Citroën Ami : the Friend’s Buggy Concept

Here is a small, invigorating machine that is as fresh as a summer breeze. Citroën takes the seasons in hand and plunges us into a timeless universe: that of the buggy! And it’s the little electric Ami that serves as the basis.

Samuel Pericles (below with Hélène Veilleux at the wheel) is a designer in the small Prolab Style unit at Citroën. This is not a transversal entity, since each Stellantis brand has its own ‘prolab’. The My Ami Buggy concept was largely born here. Samuel explains, “This is a department where we focus more on product design and probably a little less on purely automotive design. Depending on the period, there are between 5 and 6 people here.

Remember, if you are a loyal reader – – Pierre Leclercq (Citroën’s design director) told us in our recent interview that he had hired an Indian product designer and she is part of this small unit.


Samuel Pericles, on the design side, worked on this little Buggy concept based on the Ami with the teams of Hélène Veilleux on colours and trims. And make no mistake, this is not just a fantasy on the most fanciful of Citroën cars. “It’s really a little research lab”, says Samuel. “We started with the Ami, which has been a great success, and derived this Buggy from it, while keeping customisation as the main theme of the study. We wanted to push this customisation to the extreme, and adopt a very specific colour and material treatment, to end up with an object that is completely different from the production model.”

The light bar on the roof comes from a department store where you can find everything, even what you need to equip a concept! Note the spare wheel on the roof.

And this “lab” part notably affects the customisation accessories processed by 3D printing. Because the Ami has no doors (we’ll come back to this below), it leaves a few holes in the door rabbets, which are intended on the production version to integrate the door closing or hinge systems. In these empty spaces, the designers have provided accessory parts made entirely by 3D printing. At the front, for example, there is an original mirror support. “It is clipped into the housing by means of a mechanism integrated into the shape.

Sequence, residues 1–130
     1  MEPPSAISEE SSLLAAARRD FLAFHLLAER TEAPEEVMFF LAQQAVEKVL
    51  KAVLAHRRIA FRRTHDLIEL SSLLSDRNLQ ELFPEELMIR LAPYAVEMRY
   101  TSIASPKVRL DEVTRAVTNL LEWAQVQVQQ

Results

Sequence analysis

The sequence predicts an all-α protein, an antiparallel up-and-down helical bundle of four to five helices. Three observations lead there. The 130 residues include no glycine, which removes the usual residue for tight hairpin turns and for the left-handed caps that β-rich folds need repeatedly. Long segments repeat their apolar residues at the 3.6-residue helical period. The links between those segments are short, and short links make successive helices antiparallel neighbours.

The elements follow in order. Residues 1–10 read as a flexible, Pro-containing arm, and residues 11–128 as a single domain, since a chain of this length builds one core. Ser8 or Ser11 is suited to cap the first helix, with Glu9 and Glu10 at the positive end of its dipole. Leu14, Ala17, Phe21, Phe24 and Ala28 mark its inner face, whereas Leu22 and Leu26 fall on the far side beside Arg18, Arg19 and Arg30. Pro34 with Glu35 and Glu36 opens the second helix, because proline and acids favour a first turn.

“We use the elasticity of the material to enable this functionality. The support is made in one piece using 3D printing (apart from the mirror, of course…) and therefore integrates the mechanism for adjusting the mirror. When designing this part, spaces of 2 to 3 tenths of a millimetre were provided for the powder to flow out after the printing bath. This frees up the mechanism, makes it functional, and you even have the adjustment ball joint integrated! It’s super fun to design!”

A Citroën Ami on the left, a Citroën Mehari on the right. More than 50 years separate them.

A good powder bath to print this part is surprising! “All this is done in-house and we can even imagine that once the part has been digitally designed, the customer can print it at home!” And to think that I’m having trouble with my scan… Another accessory is clipped onto the rear door rabbet and can hold a camera (below) to bring back memories of your ride. “With these parts, we’re talking about real product design”.

Another accessory allows you to attach your camera. Note the yellow capsule on the left that hides the charging wire.

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The Ami Buggy no longer has doors, just small gates, and has pumped up its biceps – or rather its wheels – to show off a lot on the beach. The doors are designed to match the design and location of the ‘graphic capsules’ on the production car. They incorporate a dedicated (waterproof) luggage in Citric Yellow, a colour found inside with a host of accessories. The seats are more comfortable than those of the Ami (7 cm thicker) and we could well imagine a comfort pack in the future for the standard Ami. This little lab is great because it retains the DNA of the parent car: intelligent design to minimise the price while improving certain features.

It will be easier to find the front and rear of your Ami thanks to a specific body colour treatment. Hélène Veilleux and her team have kept the khaki colour for the front, but have worked this colour up to a pearl black on the rear part (a textured finish called Speckled Black). “This accentuates the vehicle’s face,” says Samuel with amusement. The roof bars (or should I say the roof bar, because it’s the same one that’s doubled up, economy, economy…) are covered with a speckled paint, inspired by those found on sneakers today, “it brings a sporty and young side to the car” in addition to its outdoor look! Since its launch, 13,000 units of the Ami have been sold in Europe. It deserved to be further emancipated by Citroën!

ARE YOU PASSIONATE ABOUT DESIGN? Discover what goes on behind the scenes with designer Patrick le Quément’s account of his first 20 years as a designer, and the sometimes tense relationships at the heart of the Simca, Ford and Volkswagen design offices, from 1968 to 1989: below
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My Ami Buggy : l'Ami a ri !

Voici un petit engin vivifiant et frais comme la bise d’été. Citroën prend les saisons à revers et nous plonge dans un univers indémodable : celui du buggy ! Et c’est la petite Ami électrique qui sert de base. Samuel Pericles (ci-dessous avec Hélène Veilleux au volant) est designer au sein […]

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